I am a current 3rd year at Sinai Grace Hospital ED. It is definitely a tough place to train but you see a lot and learn a lot. The new program director is extremely receptive to resident's comments and they work closely to bring changes. You are the boss of the ED and you do everything. When you rotate through the ICU, the medicine residents look at you for help (putting lines in and running codes).. Nursing staff has improved significantly but there are always days when this is not true. Pushing patients to CT/Xray is not an issue anymore. Very strong emphasis on U/S now with the fellowship and everything. This place trains you to be efficient and if you can work here you can darn well work any where else. As far as shifts go, you work about 16-17 shifts a month as a 3 rd year. The scheduler is very flexible and you can nearly always make a switch as needed. Thursday conference includes a combination of Rosen presentations by fellow residents as well as lectures by outside physicians as well as faculty. Strong emphasis on oral board prep. Great relationship between residents of each class. Lots of activities to socialize with your colleagues (JC, big sib events, oral case evenings, etc).
    PM me if you have any question but the training I have gotten here has been amazing. I can tell you that coming out of a well known detroit program was very helpful on the job search. They really want you after you have trained here.
     
  16. DetEMED

    DetEMED

    Joined:
    09.05.15
    Messages:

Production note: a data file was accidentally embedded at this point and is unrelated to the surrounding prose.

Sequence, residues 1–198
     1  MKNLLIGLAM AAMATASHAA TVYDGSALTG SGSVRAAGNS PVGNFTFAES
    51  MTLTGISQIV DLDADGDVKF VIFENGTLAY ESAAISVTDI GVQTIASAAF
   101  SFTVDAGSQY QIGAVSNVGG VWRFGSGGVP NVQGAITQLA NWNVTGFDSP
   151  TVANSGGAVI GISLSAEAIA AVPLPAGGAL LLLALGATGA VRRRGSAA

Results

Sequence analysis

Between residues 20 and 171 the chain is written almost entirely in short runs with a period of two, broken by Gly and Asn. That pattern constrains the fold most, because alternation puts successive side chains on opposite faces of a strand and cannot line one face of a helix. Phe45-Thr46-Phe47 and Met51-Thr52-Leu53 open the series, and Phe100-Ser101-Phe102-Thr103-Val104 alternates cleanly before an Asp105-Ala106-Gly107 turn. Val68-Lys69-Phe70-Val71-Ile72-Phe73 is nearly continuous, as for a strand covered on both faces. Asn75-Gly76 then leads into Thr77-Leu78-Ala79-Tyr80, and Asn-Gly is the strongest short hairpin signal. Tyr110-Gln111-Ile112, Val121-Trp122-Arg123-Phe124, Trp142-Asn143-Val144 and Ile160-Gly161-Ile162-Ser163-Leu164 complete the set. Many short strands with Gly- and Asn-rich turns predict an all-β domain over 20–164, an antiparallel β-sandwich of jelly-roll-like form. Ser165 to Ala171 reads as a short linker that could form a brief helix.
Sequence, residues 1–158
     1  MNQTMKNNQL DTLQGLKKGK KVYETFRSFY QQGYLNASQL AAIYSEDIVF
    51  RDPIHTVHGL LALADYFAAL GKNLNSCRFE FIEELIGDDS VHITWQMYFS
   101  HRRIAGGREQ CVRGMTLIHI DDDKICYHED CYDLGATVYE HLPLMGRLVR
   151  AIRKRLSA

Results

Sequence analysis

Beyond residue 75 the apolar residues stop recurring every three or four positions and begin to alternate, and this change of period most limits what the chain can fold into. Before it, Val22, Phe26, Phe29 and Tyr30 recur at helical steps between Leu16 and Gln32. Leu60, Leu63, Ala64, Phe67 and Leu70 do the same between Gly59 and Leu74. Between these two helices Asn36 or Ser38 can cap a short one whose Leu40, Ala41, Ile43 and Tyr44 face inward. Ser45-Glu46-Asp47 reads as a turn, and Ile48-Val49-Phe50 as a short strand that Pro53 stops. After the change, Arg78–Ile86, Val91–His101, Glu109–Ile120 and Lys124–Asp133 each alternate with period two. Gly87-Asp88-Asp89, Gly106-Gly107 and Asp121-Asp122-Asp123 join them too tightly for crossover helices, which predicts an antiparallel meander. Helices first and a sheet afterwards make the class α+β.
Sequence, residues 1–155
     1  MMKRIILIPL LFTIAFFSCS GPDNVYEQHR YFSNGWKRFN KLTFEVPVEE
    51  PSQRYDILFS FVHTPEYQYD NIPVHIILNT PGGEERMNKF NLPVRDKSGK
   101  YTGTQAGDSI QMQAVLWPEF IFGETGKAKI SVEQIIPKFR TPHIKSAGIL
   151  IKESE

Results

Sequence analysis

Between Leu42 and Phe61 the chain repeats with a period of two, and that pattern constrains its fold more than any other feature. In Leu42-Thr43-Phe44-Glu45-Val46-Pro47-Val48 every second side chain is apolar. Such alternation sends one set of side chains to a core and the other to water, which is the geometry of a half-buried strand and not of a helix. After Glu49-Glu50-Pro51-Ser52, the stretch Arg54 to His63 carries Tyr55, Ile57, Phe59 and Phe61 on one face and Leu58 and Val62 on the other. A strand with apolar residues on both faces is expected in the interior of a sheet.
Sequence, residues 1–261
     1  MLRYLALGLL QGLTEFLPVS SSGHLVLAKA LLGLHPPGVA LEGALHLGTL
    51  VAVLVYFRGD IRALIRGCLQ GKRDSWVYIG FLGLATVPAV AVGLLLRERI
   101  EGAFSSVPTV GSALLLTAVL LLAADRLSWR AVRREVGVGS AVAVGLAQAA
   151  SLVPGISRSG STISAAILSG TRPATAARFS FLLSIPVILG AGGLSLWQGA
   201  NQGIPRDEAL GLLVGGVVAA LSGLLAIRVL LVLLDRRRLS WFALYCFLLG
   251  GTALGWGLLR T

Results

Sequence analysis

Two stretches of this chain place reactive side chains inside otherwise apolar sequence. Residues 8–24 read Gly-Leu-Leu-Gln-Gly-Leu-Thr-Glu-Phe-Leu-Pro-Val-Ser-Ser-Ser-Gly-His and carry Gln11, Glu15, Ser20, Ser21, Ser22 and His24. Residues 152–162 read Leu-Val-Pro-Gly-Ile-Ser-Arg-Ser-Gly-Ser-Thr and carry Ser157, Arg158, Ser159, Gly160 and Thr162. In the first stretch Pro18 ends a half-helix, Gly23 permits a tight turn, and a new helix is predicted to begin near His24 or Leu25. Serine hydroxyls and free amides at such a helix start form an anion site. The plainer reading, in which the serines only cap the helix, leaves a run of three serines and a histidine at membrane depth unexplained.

1
    Status:
    Resident [Any Field]
    I'm a current resident in this program. This program has changed in the last several years, as others have mentioned. The short version is this - you will work hard. Our style of training – seeing and doing everything - may not be for everyone. But when you graduate, you will be able to work literally anywhere and handle any patient with absolute confidence. There is no substitute for the clinical experience you will gain at this program. I’m extremely happy here. Interview/rotate here, and you'll find all the below to be true.

    RESIDENTS: I love the residents in my program. Senior residents emailed us immediately after matching with their cell phone numbers for any questions we had. Everyone here works extremely hard, is very well qualified, and does a great job looking out for other residents.
    LOCATION: Detroit is a great city back on the upswing. I've lived here for many years now and I love it. Many residents also live in the suburbs and love it there as well. Either way, commute to the hospital is 10-20 minutes. SGH itself is located in a pretty run-down part of the city; this is great for your training, but you won't be walking to work.
    FACILITY: Brand new ED; 59,000sq ft, 80 beds, 4 resus rooms. Brand new MICU and SICU with 20 beds each, located directly above the ED. Brand new radiology suites in the ED. Brand new front lobby for the hospital. All of these opened in 2014-2015. This is a Level 2 trauma center, which is irrelevant as Detroit EMS triages by location and not level (we actually get more level 1 EMS runs than any other Detroit ED). It does mean that you do your own optho exams, your own ortho splints/reductions, and your own ENT procedures. You rarely consult out for treatment. This is the main reason I chose the program over others. One logistics comment; SGH is part of the Detroit Medical Center. DMC Main Campus is a large, tertiary care center downtown. SGH is about 8 miles up the road.